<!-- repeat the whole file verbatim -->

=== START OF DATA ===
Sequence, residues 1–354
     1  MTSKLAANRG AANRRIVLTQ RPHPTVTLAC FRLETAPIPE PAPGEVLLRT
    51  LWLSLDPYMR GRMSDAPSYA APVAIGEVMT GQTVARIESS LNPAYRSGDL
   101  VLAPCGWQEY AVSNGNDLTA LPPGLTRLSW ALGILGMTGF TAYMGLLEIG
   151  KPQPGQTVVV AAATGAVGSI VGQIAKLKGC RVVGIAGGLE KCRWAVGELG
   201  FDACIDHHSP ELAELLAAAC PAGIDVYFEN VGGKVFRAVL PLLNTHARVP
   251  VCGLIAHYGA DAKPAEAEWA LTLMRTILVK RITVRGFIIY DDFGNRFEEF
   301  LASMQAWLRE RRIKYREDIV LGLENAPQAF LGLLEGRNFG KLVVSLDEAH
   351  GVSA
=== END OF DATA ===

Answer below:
Sequence, residues 1–354
     1  MTSKLAANRG AANRRIVLTQ RPHPTVTLAC FRLETAPIPE PAPGEVLLRT
    51  LWLSLDPYMR GRMSDAPSYA APVAIGEVMT GQTVARIESS LNPAYRSGDL
   101  VLAPCGWQEY AVSNGNDLTA LPPGLTRLSW ALGILGMTGF TAYMGLLEIG
   151  KPQPGQTVVV AAATGAVGSI VGQIAKLKGC RVVGIAGGLE KCRWAVGELG
   201  FDACIDHHSP ELAELLAAAC PAGIDVYFEN VGGKVFRAVL PLLNTHARVP
   251  VCGLIAHYGA DAKPAEAEWA LTLMRTILVK RITVRGFIIY DDFGNRFEEF
   301  LASMQAWLRE RRIKYREDIV LGLENAPQAF LGLLEGRNFG KLVVSLDEAH
   351  GVSA